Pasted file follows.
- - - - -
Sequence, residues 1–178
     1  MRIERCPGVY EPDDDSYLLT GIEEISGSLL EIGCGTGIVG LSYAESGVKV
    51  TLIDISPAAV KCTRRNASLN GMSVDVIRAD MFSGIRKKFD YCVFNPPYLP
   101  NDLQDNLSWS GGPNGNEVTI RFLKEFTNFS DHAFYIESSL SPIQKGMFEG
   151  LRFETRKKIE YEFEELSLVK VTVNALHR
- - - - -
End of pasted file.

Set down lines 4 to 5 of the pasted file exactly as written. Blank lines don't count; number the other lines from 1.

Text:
   101  NDLQDNLSWS GGPNGNEVTI RFLKEFTNFS DHAFYIESSL SPIQKGMFEG
   151  LRFETRKKIE YEFEELSLVK VTVNALHR